Given risk-on and risk-off mood swings, the best forex barometer may be the euro as the stops at 1.1...
Wiener Goes Global
11/15/2002 12:00 am EST
"I believe that it now makes sense to have a small allocation to foreign shares in most diversified portfolios," says Dan Wiener, editor of The Independent Advisor for Vanguard Investors. "After a long period when US markets outperformed foreign markets the tide turned dramatically in 2002. While foreign markets have underperformed again of late, there is good reason to believe that investors will begin to find foreign stocks even more undervalued than US stocks, and higher prices will ensues. But that doesn’t mean that all foreign funds will benefit.
“In particular, I’m most interested in Vanguard’s newest foreign fund, International Explorer, which seeks out smaller company shares around the non-US globe. International Explorer uses a team of four stock picking analysts to build its portfolio, with Matthew Dobbs managing the managers. The group works for Schroder Capital Management. This is a small stock fund. It began life independently and was ‘adopted’ by Vanguard this summer. Its mandate leads it to invest in small companies with capitalizations of less than $2.5 billion in markets around the world (ex-US). It is required to own companies in at least three countries and can invest in emerging markets. It also can, and sometimes does, hedge its currency exposure. The fund’s meat-and-potatoes are fast-growers – companies that are growing earnings at a rapid rate. Dobb says that superior earnings growth is the key to the fund’s investment strategy.
“One other thing I like about this fund is its low correlation with US markets. While funds holding larger company shares have correlations ranging from about 60% to 70% over the past three years, International Explorer’s correlation is less than 45%. That improves our diversification and lowers our risk. And that’s good. One note: As with many new Vanguard funds, this one requires a $10,000 minimum for taxable accounts. IRAs can be started with just $1,000.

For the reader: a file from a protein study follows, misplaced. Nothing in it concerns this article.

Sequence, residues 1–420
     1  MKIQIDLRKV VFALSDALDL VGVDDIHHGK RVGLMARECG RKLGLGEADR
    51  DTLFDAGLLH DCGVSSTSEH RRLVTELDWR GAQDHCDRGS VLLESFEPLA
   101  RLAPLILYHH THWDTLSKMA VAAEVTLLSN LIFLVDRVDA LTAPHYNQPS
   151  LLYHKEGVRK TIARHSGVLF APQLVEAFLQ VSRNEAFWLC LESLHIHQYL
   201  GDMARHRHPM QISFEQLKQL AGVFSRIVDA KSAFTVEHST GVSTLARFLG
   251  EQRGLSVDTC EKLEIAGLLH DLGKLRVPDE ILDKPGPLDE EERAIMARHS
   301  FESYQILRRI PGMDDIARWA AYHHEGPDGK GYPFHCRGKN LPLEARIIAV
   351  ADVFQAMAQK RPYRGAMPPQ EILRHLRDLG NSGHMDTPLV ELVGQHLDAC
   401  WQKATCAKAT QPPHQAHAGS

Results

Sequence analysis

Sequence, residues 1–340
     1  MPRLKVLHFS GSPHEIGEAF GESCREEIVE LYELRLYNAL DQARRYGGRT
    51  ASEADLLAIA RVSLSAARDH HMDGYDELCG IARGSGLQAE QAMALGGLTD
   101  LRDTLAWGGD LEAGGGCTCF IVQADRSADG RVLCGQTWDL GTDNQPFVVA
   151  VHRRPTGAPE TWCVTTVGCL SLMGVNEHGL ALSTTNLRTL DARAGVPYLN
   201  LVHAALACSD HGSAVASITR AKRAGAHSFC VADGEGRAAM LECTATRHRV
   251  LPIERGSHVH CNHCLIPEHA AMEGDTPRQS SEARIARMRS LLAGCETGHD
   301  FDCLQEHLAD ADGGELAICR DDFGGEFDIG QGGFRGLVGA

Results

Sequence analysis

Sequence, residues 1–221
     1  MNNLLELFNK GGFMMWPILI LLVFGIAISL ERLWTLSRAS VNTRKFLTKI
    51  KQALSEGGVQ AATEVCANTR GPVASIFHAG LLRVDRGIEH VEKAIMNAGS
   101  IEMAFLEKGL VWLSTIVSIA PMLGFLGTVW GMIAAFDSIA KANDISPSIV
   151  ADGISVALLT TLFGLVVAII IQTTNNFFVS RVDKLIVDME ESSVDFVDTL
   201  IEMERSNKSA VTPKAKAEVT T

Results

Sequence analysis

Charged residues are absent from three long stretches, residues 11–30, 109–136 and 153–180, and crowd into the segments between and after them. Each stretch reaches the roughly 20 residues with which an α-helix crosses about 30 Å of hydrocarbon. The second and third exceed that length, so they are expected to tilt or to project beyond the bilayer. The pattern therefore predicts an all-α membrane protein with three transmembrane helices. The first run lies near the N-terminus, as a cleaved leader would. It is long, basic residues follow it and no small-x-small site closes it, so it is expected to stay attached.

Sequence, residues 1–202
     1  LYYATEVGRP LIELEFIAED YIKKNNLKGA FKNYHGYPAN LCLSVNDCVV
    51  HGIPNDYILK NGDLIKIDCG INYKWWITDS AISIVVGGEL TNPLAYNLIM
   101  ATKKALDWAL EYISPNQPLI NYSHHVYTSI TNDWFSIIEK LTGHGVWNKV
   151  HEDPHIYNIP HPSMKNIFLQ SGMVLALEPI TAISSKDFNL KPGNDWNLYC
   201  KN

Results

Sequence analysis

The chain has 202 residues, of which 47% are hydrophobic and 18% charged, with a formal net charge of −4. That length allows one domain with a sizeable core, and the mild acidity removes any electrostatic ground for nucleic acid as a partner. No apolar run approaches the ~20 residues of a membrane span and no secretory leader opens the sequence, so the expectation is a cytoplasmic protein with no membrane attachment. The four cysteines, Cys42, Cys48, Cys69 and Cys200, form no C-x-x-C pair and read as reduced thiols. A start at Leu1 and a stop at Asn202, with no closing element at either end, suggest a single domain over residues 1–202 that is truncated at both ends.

“We also rate Vanguard’s Global Equity fund as a buy. Manager Jeremy Hosking’s penchant for mid-cap sized companies, rather than global behemoths, has worked in his favor and makes the fund more attractive than other large-cap international funds. Plus, about 34% of assets are in the US, so this is a mild-mannered introduction to foreign shares for more cautious investors. And Global Equity pursues a less volatile path. Its value orientation and global diversification have limited downside risk compared to its international competitors. And despite the fact that foreign funds have outperformed domestic stocks so far in 2002, Global Equity has outperformed all of the foreign-only funds in Vanguard’s stable. Not bad.
“Hosking doesn’t make country bets. Instead, he tries to make money by picking stocks one at a time. He believes that many of his undervalued, mid-cap stocks could be takeover bait. Meanwhile, however, the fund’s portfolio is spread pretty thinly among more than 320 stocks with its top ten stocks representing just 10% of assets. The fund no longer charges a 1% back-end load, which makes it even more attractive.” Vanguard Funds can be reached at 800-662-7447.
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